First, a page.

Las Vegas Sun - Concrete 117
LAS VEGAS with Redmond / Summersides / Wilson / Moore Rich Odam took photos while Brian Caissie filmed the likes of Dan Redmond, up-and-comer Drew Summersides, Cory Wilson and Nick Moore in Sin City. With spots o’plenty and debauchery around every corner, this quartet of rippers created their own headlines in our newspaper rendition of their adventure.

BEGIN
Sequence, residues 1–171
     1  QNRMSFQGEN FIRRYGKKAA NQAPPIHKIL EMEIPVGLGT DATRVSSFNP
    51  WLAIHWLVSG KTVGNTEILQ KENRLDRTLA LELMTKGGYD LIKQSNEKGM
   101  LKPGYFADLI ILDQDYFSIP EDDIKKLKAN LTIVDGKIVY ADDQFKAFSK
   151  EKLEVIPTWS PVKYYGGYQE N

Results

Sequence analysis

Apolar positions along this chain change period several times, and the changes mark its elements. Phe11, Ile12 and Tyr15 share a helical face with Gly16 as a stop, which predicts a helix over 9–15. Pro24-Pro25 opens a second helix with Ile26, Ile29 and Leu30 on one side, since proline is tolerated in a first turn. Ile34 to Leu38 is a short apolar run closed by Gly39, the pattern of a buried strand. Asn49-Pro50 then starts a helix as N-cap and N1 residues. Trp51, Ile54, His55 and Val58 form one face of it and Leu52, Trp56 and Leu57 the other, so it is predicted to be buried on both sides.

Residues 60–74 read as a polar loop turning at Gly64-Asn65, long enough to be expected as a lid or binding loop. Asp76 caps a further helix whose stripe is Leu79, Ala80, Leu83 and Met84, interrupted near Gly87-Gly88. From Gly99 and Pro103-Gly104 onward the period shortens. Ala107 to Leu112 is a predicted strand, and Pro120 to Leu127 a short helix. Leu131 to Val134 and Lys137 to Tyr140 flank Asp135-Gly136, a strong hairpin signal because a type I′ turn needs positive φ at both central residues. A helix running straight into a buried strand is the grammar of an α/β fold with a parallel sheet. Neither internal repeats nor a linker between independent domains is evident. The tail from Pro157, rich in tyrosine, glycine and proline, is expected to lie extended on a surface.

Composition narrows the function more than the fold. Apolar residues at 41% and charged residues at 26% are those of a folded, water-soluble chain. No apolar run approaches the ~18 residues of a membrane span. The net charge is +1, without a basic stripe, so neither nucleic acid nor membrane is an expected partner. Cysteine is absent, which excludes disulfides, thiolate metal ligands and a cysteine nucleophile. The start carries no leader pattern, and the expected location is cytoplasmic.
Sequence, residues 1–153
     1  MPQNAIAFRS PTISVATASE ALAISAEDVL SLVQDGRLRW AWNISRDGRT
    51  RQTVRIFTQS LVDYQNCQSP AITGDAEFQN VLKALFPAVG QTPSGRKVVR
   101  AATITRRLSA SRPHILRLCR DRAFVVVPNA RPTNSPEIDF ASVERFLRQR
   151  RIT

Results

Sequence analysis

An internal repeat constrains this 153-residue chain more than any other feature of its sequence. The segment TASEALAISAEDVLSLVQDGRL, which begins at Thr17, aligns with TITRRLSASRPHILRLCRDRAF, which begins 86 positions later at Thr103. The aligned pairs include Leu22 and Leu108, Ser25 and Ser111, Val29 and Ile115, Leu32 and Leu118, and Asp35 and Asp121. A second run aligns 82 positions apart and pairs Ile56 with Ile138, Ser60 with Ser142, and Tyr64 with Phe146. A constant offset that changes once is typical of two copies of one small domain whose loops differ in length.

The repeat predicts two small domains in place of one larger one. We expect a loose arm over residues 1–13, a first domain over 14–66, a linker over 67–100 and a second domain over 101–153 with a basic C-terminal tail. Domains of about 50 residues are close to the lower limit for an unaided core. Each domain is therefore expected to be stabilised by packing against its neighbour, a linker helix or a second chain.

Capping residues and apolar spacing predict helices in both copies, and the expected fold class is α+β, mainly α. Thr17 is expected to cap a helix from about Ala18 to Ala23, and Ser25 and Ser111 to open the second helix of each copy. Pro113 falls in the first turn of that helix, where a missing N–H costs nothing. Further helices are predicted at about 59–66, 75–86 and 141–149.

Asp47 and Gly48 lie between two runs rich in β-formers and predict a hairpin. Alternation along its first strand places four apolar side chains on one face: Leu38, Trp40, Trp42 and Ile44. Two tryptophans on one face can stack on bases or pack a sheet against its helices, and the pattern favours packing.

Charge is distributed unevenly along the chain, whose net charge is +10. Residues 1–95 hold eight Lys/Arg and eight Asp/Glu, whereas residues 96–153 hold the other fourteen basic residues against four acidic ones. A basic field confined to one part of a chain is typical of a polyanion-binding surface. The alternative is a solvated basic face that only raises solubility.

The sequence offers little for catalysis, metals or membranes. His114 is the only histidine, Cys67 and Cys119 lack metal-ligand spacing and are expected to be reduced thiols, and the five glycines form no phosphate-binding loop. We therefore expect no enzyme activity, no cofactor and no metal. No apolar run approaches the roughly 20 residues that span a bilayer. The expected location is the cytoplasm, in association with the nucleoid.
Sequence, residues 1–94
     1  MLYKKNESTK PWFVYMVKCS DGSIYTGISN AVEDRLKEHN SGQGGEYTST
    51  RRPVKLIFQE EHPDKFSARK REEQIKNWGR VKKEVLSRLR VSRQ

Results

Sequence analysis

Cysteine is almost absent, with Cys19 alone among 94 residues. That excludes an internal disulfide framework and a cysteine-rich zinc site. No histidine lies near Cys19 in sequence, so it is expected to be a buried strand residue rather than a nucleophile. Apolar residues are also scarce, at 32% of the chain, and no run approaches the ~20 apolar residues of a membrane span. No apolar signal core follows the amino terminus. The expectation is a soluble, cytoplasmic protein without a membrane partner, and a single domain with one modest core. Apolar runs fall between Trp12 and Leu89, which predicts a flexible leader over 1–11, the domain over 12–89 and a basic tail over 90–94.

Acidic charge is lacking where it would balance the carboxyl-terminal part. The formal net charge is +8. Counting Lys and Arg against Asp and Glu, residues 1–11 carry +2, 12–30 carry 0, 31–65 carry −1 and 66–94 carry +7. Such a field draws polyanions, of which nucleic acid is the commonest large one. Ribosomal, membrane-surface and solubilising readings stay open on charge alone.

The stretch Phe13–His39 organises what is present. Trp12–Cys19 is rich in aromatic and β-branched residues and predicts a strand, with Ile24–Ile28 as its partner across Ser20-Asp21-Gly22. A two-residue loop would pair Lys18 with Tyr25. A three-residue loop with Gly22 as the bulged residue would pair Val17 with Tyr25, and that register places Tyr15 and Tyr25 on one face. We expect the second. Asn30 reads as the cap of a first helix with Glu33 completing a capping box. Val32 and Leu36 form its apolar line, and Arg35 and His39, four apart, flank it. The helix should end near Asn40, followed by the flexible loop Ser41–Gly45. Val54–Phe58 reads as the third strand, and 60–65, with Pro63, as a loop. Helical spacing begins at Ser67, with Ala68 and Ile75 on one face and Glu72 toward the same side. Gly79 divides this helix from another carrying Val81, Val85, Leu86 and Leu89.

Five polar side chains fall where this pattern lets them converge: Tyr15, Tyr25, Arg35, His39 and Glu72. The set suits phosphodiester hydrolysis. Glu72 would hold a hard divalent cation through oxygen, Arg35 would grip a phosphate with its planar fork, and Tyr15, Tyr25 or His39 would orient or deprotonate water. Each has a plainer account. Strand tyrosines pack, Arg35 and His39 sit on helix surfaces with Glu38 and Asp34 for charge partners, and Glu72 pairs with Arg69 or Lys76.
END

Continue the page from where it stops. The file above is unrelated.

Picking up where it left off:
L a s Vegas Sun dan redmond drew summersides Cory wilson nick moore push.ca/vegasvideo 62 Concrete skateboarding Weekday Edition No. 117, Monday, February 20, 2012 Sun L a s Vegas words Las Vegas has always been an American enigma. A town popularized by the dream of hitting it big but built on the backs of those who lose it all. Simply put, love it or hate it, the city is a beast unto itself. Today’s Las Vegas has become somewhat of a paradox in my eyes. Perhaps it’s how the tourism industry has sold its image in recent years. While it still embraces the steadfast principles of gambling, clubbing and a no-holds-bars spray tan adventure, it Matt Meadows photos Rich Odam design Kelly Litzenberger has also pushed to become a family friendly destination. With such a dichotomy, I have always imagined there was more to the city than meets the eye. That’s why when I heard that Rich Odam and Brian Caissie had gathered a crew of Canada’s finest young talent and taken them to the desert city, I needed to find out what the real Las Vegas was all about! I mean… there must be a reason these two veterans of skate documentation choose Vegas over a more straightforward and standard California skate trip, right? So, with notepad in hand and mission in mind, I began to gather all the info I could on their trip to “Sin City.” After having accumulated varying accounts of the week-long voyage, for once it can safely be said: “What happened in Vegas is not staying there.” TODAY TOMORROW 97 /74 95 /73 o o fahrenheit outlook Dan Redmond..................64-65,70 Drew Summersides................66-67 Cory Wilson..........................68-69 Nick Moore...........................71-73 Not quite Ocean’s Eleven, but close I t seems like in every film you see, the choice to head to Vegas is made on a whim. Typically, a group of disillusioned men become frustrated with their everyday mundane lives and make a snap decision, after which hilarity ensues. And while there exists the common theme of the need to break with the every day, the foundations for this trip were laid some time back. Initially spawned from the minds of Brian Caissie, Rich Odam and Paul Machnau, the legendary Red Star skater was forced to back out due to pre-existing engagements. Never ones to give up on a plan until it’s seen through to fruition, Caissie and Odam pulled out their proverbial “little black books” and sent out an open invitation to those they thought could come. Enter Cory Wilson, Dan Redmond, Andrew Summersides and Nick Moore. With the promise of avoiding Vancouver’s fall rain and not a lot of time to hit up their sponsors, each skater dug deep into their pockets to make the seven-day trip happen. Upon the crew’s arrival Stateside, all seemed to have gone rather smoothly—until Odam realized one member missed his flight, and that member would be “Nugget” [Nick Moore]. “I’m not even sure how he missed it ’cause it’s not like he could’ve slept in for a flight that leaves at 6 p.m.,” Odam explains. “So he had to get a flight the next day. After we went to pick him up from the airport, we went straight to a spot and he ended up getting the first photo, straight off the plane—a pretty sick comeback!” Dan Redmond Switch flip nose manny shuv-out Concrete skateboarding 65 Drew Summersides nollie flip Vegas, baby. It’s all business! O ne can only imagine the trouble that can ensue when you let four up-and-coming Canadian AMs loose in Sin City. Up 24/7, fraternizing with the seedy Las Vegas underbelly and women of the night… trouble indeed! Although, when you have your eye on the prize, there is no time for shenanigans of this sort. Amongst the pillars of work ethic and professionalism, Dan Redmond recounted how the crew ended up breaking all the stereotypes. “None of us really gambled, but we hit the odd slots and lost a few bucks,” Redmond recalls. “That was pretty much it for gambling. Cory Wilson, Nick Moore and Drew Summersides were all businessmen when it came down to skating and having fun, which made the trip a blast. “As far as staying away from the nightlife, we were all pretty good. Considering we skated all day, every day, it didn’t leave much energy other then to have a couple brews at the hotel afterwards. But, I would say, I was more of the abstainer out of the crew seeing how I don’t party or drink much these days.” Drew Summersides backside 180 Doubling down: Summersides skates like a boss W hether it was determination stemming from the desire to impress on his first major trip, or perhaps it was merely the energy of a skate-minded youth, we will never really know. Yet one fact is known for certain—Andrew Summersides made the most of his time south of the border. Often leaving Odam unprepared, the photographer remembered, “Summersides was definitely handling business. He’s really good and a bit of a newcomer, and this was one of his bigger trips. Caissie and I would just be chilling at a spot while people were warming up, then out of nowhere Andrew would just throw down a hammer when no one was expecting it. We weren’t prepared to shoot, so we’d tell him: ‘You gotta go do it again.’ Then Andrew would just rattle off a bunch of tricks first-try. We tried to let him know that we need a heads-up! He is just one of those dudes that gets something in his head and just does it right away.” Concrete skateboarding 67 Cory Wilson ollie up to frontside ollie The Dew Tour and rolling like PLG S ince the crew maintained a strict regiment of skating, by week’s end there was time to blow off a little steam. Like an omen from the party gods, it just so happened that the Dew Tour finals had wrapped up that day. Connecting with fellow Canucks Jordan Hoffart, the Decenzo brothers and PLG, a Vegas-style night out was unavoidable. “The Hard Rock has this crazy-ass club that’s all snazzy,” Odam begins recalling the evening. “But basically, we were at this little bar at the casino with all 68 Concrete skateboarding homies, so once the time comes to roll to the club, it was like: ‘Let’s roll with PLG!’ So about 30 of us rolled behind him to the club, and all of us skipped the line full of all these dudes dressed up for the $30 cover. We just walked through in T-shirts and jeans! Straight up, we got this one dude escorting us through the club to the VIP lounge with bottle service. We had big-ass bottles of Grey Goose and whatever you wanted to mix with it! That was the way to do it, but I was all crackers and water the next day.” Cory Wilson Bigger flip Dan Redmond Nollie backside flip to fakie manny 180 The quintessential Vegas story T here exists an unwritten rule that states: Anyone who visits Las Vegas must leave with an unimaginable, jaw-dropping story. Not surprisingly, one member of the group had to pay the dues for everyone else to escape such a tale. So, much like a scene from the film The Hangover, Nick Moore described the rest of the Dew Tour Night. 70 Concrete skateboarding “Ryan Decenzo and PLG ended up winning the damn Dew Tour, which led to a crazy night of partying at the Hard Rock. By the end of the night, I found myself in handcuffs and banned for life from the Cosmopolitan Hotel [laughs]. Long story short, Rich, Brian, and I went to this hotel late in the night. Brian knew these Jäger girls doing some promo in Vegas, and they had this ballin’ room for the weekend. Anyways, Rich was blackout Nick Moore ollie and puked in the living room without anybody noticing. We left the room shortly after and just as we got outta the elevator, two dudes that were paying for the room came after us and started pushin’ Rich around and confronting him about the puke. Rich was way too drunk to know what was going on, so I ended up stepping in and slapped the dude pretty good. Next thing I know, I was in cuffs and being questioned by a bunch of cops; they read me my rights and told me I’m never allowed to set foot in the hotel again.” Concrete skateboarding 71 Knocking it off the bucket list N ow having visited one of the “must-see” cities in the world, I was curious to find out whether the guys would be interested in returning. “I will go back as soon as I have the funds again,” noted Dan Redmond. “I highly recommend anyone who skates to make a trip out there.” Even after being banned from the Cosmo, Nick Moore still gave the city a glowing review: “I’d love to go back too! It’s a cheap winter getaway with tons of good skating and enough touristy shit to keep yourself busy for days.” So, as the city continues to remain paradoxical by reputation, it has now been proven you can leave Vegas with money in your wallet and good memories to boot. Who knew? Catch all the clips from this trip on March 6th at push.ca/vegasvideo Nick Moore switch blunt Concrete skateboarding 73